The diagnostic preparations for γ-imaging may be formulated as a non-radioactive kit adjusted for labeling immediately prior to injection. Thus, the polymer prepared following Example 2 of the invention may be used in combination with a citrate buffer composition, in lyophilized form or in solution. If necessary, DTPA groups may be replaced by other chelating groups for labelling with various radionuclides.

Magnetic resonance contrast agents can be prepared in advance and stored either as solid compositions or as solutions. For some indications gadolinium may be substituted by other paramagnetic metal ions with different T1 and T2 relaxivities without significant change of technology.

The targeted biologically active compounds may be prepared using technologies close to those of the above examples and for diagnostic preparations. Optimization of pharmaceutical formulation should depend, most of all, on the storage requirements of the biologically active agent, if the agent used is unstable at certain conditions. Generally, there are no obstacles for the production of the carbohydrate-linked polymers and microparticles in the lyophilized form with stabilizing and pharmacologically desirable (e.g., facilitating dissolution) additives.

Diagnostic and therapeutic substances of the invention can possess one or more of the following qualities: the targeting sites are distributed on the carrier such that when the substance is injected intravascularly into an animal e.g., a rat or rabbit at a dosage of 1 mg per 1 kg body weight of the animal, at least 5% of the injected dose of the substance per gram of lymph node tissue accumulates in a lymph node; the targeting sites are distributed on the substance such that when the substance is exposed to rat blood plasma containing 1 mM sodium citrate for two hours at 37° C., more than 80% of the protein absorbed to the substance is C3 or its naturally occurring variants; the targeting sites are distributed on the substance such that when exposed to rat plasma containing 1 mM sodium citrate for 2 hours at 37° C. the substance absorbs less than 50% of its weight in blood plasma proteins; the said targeting sites are distributed on the substance such that when the substance is exposed to rat plasma containing 1 mM sodium citrate for two hours at 37° C., greater than 80% of the protein absorbed to the substance is C3 or its naturally occurring variants and the substance absorbs less than 50% of its weight in blood plasma proteins; and (in embodiments wherein the carrier or agent include iron); the targeting sites are distributed on the substance such that when the substance is exposed to rat plasma containing 1 mM sodium citrate for 2 hours at 37° C. the substance binds less than 1 molecule of transferring per particle of said substance; 0.01-1.0 mg/ml mixture of the substance in a 0.9% NaCl in water solution will not aggregate or precipitate during the first 24 hours of incubation after the substance is added to the solution when incubated at 25° C.; a 0.01-1.0 mg/ml mixture of the substance in 0.9% NaCl in water solution will not aggregate or precipitate during the first 72 hours of incubation after the substance is added to said solution when incubated at 37° C. in a homogenous magnetic field at 0.47 Tesla.

These properties can be used to determine if a substance is suitable for use in the invention using e.g., the following protocol. Prepare blood plasma of intact normal rat, containing a minimal amount, e.g. 1 mM of sodium citrate to prevent fibrin formation. Incubate the carrier (or substance) in question in said plasma for 2 hrs at 37° C. Separate said carrier or substance from plasma, e.g. by ultracentrifugation. Compare protein binding to the carrier or substance in question with that of carrier of the invention (e.g., prepared according to the examples 2 or 13), e.g. by electrophoresis and immunoblotting. While carriers of the invention bind mainly C3 and its naturally occurring variants and fragments, other carriers, e.g. iron oxide particles, bind significant amounts, e.g. 10-1500% w/w in relation to the bound C3, of transferrin, immunoglobulines or other proteins.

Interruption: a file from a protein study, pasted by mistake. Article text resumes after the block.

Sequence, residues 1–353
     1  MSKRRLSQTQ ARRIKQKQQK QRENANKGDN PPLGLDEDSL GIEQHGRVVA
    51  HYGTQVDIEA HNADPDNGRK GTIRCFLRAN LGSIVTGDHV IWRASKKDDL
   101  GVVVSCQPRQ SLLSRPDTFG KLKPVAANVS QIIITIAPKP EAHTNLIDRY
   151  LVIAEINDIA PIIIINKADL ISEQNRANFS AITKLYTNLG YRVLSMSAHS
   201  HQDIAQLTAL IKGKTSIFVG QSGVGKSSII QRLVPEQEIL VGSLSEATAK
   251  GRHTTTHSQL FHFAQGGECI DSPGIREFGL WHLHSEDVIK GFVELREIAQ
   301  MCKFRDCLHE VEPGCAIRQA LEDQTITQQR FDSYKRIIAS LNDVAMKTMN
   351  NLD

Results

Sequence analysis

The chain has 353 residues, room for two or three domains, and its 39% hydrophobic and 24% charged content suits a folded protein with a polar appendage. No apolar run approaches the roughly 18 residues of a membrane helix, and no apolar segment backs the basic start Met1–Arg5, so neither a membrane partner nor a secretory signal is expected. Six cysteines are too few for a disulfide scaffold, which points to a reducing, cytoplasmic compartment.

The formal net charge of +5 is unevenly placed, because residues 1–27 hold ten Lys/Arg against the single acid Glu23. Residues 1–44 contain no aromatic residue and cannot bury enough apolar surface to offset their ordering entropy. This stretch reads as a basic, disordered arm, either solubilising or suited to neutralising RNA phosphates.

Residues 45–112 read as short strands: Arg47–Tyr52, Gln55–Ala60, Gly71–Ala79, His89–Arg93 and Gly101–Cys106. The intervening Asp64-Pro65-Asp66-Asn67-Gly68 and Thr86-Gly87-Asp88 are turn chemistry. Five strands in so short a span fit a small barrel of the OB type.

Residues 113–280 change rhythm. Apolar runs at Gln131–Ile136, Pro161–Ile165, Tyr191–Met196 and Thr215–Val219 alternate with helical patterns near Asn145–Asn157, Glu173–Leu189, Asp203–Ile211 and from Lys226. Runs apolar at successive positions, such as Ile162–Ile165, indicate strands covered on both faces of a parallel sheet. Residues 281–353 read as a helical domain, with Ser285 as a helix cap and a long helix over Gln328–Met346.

In inorganic, e.g. iron-containing particles, the binding of transferrin may indicate the presence of the exposed unprotected particle surface or presence of non-desirable forms of metal, e.g. iron, compounds in the diagnostic and biologically active or therapeutic substances or carriers. Iron-containing substances and carriers of the invention do not bind more than 1 transferrin molecule per particle under the above conditions.

The binding of immunoglobulines and other proteins may indicate non-specific adsorption of a protein on an unprotected particle surface as well as the presence of non-desirable components in the carrier or substance structure, e.g. in the targeting site, e.g. the presence of carbohydrate molecules altered in the process of substance synthesis. The presence of other proteins may indicate non-specific adsorption or non-specific or specific interaction of a protein with a carrier or a substance of the invention. The binding of transferrin, immunoglobulines and other proteins increase recognition of a carrier in the liver, bone, marrow, spleen and other areas and decrease carrier accumulation in the lymph nodes.

These procedures can also be used to optimize parameters of the substances of their manufacture.

We do not expect any serious problems with toxicity and sterility of this inventions protected preparations. The starting materials used, for example, for the synthesis of our model preparations are essentially biodegradable and they may be obtained in a sterile, apyrogenic form. In addition, the final preparations may be sterilized by filtration, γ-irradiation and autoclaving.

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Classifications
U.S. Classification600/431, 424/1.33, 604/20, 600/420, 424/1.65, 424/1.73, 424/1.25, 424/1.69
International ClassificationA61K51/06, A61P37/06, A61K51/00, A61K49/08, A61P35/00, A61K45/00, A61K47/48, A61K49/00
Cooperative ClassificationA61K2123/00, A61K49/124, A61K2121/00, A61K49/085, A61K49/146, A61K51/065
European ClassificationA61K49/14T, A61K49/12H, A61K49/08Z, A61K51/06Z